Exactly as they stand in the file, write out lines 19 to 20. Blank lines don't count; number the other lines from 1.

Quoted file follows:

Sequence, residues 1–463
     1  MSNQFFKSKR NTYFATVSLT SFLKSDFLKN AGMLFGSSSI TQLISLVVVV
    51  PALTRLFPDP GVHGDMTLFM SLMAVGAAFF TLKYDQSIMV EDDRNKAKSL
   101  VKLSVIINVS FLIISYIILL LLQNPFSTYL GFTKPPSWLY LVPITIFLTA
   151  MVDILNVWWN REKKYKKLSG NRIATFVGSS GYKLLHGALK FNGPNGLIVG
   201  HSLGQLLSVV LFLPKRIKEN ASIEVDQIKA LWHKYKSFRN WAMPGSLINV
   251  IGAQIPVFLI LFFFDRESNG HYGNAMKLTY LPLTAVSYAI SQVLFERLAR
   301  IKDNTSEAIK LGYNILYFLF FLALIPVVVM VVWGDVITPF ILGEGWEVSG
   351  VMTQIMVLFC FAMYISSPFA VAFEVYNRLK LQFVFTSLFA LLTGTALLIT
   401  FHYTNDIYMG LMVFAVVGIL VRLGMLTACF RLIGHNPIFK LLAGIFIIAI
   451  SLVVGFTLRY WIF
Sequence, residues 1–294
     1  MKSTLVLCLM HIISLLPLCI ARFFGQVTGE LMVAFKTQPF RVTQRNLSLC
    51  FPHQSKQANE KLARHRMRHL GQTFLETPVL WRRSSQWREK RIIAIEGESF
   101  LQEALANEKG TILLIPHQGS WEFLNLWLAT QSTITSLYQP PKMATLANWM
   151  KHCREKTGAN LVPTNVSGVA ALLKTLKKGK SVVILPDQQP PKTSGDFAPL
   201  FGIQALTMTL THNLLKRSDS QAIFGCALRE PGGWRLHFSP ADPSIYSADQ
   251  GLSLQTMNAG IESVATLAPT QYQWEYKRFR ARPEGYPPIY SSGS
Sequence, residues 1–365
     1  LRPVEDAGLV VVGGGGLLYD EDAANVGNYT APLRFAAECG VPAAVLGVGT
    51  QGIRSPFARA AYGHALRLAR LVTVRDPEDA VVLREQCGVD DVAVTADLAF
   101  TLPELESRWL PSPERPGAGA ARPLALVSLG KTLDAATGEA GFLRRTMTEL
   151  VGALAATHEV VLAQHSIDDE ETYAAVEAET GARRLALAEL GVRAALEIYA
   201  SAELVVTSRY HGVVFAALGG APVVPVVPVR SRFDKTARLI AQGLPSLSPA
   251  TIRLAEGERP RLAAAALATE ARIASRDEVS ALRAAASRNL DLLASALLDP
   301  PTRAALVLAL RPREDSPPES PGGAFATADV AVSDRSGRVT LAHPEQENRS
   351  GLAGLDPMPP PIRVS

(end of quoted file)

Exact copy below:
Sequence, residues 1–365
     1  LRPVEDAGLV VVGGGGLLYD EDAANVGNYT APLRFAAECG VPAAVLGVGT